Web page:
Happy Reading

Toni's bookshelf: read

The Godfather of Kathmandu (Sonchai Jitpleecheep, #4)
Ape House
The Girl Who Kicked the Hornet's Nest
Operation Napoleon
Walking Dead
The Sentimentalists
The Heretic Queen
The Midnight House
Cross Fire
Peony in Love
Finding Nouf: A Novel
City of Veils: A Novel
First Daughter
A Place of Hiding
Peter Pan

Toni Osborne's favorite books »

Wednesday, June 20, 2012

"Carte Blanche", by Jeffery Deaver

The 37th original James Bond novel

“Carte Blanche” updates James Bond’s backstory to fit the 21st century setting and to appeal to a new generation. In Mr. Deaver’s version, James Bond was born in 1979 and is a veteran of the war in Afghanistan instead of WW11 and the Cold War as originally penned by Ian Fleming.

The story is set in mid-2011 and takes place over the course of a week. James Bond, a former Royal Naval Reserve officer, is employed within the 00 section of the Operations Branch of the Overseas Development Group, a covert operational unit of British Security.

The main plot brings the intrepid Spy to Serbia where an enforcer named Dunne is planning to derail a train carrying 300kg of methyl isocyanate with the ultimate purpose of contaminating the Danube. Of course Bond is there to save the day and at the same time the intelligence gathered leads him to a connection with Green Way International, a waste disposal consortium. Given the green light by his handlers, Bond investigates the inner workings of the company and its enigmatic leader, Severan Hydt, a man with an intense morbid fascination. Bond poses as a Durban based mercenary in order to infiltrate the company’s South Africa holdings and get close to the head man himself, Hydt. From this point on the action develops into your typical James Bond flavour, fiction on steroids, peppered with excitement and suspense.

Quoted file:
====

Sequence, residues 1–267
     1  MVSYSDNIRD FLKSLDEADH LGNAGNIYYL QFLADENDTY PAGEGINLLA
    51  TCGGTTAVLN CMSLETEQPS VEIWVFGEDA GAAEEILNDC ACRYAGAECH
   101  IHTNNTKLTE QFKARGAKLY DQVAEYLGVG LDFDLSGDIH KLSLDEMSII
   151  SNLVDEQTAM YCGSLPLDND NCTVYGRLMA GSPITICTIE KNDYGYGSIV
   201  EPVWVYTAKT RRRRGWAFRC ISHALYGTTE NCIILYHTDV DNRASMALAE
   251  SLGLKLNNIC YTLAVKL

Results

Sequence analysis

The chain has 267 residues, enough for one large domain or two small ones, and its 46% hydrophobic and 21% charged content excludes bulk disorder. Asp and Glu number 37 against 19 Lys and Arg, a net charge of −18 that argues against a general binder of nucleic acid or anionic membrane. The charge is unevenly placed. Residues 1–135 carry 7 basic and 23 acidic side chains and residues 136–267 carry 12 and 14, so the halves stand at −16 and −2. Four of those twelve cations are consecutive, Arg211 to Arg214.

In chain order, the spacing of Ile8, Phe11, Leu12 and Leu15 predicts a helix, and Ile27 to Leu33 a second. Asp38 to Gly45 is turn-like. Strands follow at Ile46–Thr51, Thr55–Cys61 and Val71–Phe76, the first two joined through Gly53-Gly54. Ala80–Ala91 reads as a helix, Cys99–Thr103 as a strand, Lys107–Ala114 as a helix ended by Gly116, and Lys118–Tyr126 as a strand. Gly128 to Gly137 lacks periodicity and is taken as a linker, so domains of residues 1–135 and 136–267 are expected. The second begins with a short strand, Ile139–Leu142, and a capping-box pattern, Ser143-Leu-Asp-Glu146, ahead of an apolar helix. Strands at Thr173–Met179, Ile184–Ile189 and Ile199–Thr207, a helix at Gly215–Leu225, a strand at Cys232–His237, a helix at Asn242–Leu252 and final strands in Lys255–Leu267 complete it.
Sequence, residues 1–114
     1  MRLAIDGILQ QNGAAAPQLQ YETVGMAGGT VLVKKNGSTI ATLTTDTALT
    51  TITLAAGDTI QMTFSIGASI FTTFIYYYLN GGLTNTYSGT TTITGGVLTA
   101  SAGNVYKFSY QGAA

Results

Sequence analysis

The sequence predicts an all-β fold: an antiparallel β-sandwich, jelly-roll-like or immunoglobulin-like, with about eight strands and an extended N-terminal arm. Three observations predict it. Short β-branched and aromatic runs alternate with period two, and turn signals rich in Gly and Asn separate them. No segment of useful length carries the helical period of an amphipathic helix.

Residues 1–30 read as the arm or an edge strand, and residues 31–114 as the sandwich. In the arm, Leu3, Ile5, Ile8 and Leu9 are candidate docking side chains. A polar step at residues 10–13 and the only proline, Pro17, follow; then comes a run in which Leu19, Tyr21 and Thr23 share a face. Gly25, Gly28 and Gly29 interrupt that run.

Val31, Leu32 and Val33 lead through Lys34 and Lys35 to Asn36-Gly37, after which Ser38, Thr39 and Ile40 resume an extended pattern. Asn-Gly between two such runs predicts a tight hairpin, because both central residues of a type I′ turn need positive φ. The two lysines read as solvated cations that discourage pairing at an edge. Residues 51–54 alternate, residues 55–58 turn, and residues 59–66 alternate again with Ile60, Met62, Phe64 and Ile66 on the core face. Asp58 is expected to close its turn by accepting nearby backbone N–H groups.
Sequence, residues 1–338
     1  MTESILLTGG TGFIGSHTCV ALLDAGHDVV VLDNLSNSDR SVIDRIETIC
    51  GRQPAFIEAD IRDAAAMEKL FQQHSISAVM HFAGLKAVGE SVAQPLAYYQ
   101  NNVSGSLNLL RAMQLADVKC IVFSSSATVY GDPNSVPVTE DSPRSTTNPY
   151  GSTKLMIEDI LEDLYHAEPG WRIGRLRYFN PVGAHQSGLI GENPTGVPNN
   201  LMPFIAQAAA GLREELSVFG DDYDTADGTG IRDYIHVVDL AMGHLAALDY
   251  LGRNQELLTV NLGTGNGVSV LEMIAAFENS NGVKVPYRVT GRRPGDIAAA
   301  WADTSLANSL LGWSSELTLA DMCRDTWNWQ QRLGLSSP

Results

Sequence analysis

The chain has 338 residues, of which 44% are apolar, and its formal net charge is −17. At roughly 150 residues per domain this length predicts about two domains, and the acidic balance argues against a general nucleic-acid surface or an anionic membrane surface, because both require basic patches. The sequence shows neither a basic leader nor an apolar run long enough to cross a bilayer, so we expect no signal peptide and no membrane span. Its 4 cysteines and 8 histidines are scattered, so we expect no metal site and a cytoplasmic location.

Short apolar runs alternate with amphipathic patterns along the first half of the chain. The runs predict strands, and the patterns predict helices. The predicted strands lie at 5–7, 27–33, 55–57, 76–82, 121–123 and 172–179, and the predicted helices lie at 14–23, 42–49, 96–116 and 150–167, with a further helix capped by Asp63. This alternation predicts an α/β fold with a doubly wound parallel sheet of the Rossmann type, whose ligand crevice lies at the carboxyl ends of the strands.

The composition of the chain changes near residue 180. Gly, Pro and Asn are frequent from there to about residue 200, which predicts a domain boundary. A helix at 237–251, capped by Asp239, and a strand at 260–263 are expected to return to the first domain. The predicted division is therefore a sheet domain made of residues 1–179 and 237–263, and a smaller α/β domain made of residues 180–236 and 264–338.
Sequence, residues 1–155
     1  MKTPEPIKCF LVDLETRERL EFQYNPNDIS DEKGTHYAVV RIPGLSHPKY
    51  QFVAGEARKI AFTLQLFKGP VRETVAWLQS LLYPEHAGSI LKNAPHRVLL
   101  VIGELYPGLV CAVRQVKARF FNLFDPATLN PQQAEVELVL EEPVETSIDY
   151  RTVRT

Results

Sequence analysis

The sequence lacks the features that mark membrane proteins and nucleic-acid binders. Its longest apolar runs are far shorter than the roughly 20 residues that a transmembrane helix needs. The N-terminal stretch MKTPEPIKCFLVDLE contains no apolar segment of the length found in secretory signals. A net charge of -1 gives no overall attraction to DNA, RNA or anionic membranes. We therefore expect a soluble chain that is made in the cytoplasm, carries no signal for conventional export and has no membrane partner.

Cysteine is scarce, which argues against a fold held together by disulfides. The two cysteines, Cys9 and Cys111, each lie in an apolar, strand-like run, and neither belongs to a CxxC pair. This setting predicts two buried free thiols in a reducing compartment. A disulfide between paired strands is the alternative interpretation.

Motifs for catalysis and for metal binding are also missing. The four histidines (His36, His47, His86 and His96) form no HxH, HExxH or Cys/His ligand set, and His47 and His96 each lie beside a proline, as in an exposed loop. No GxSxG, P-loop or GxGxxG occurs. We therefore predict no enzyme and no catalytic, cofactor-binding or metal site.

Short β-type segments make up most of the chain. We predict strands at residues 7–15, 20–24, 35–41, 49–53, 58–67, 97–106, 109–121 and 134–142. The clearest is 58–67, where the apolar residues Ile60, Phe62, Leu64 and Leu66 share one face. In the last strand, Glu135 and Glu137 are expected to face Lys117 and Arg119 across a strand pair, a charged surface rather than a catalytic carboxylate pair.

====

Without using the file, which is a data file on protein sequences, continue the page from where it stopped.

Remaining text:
As in any version Bond will be Bond, while in Africa, he meets Bheka Jordaan, a colourful female police operative, who will become his strongest ally and Felicity Willing, a charity spoke person, who will charm the pants off of him. He soon finds out the alluring Felicity is a master at deception and uses her assets to benefit her own agenda……

In a sub-plot Bond looks into a KGB operation code named “Steel Cartridge”. He suspects his father was a former Cold War spy and was silenced by the Russians in a clean-up operation. He learns his mother was also linked to the trade and may have been a Soviet mole….

This novel has all the attributes of a modern fiction, short chapters, gripping action and an underlying message. The story progresses with a slow tempo, however towards the end, the writer deploys a few twists with dazzling results and I was in a nail biting mode from then on, unfortunately this was short lived. Early on the action is predictable but nevertheless entertaining. 

I like the new James Bond but prefer the satirical, dry wit operative of the Cold War version. The new Bond lacks the flamboyant panache of his predecessor. In this book, the villains have a tendency to overshadow the protagonist. They are the binding force that hold the story together.

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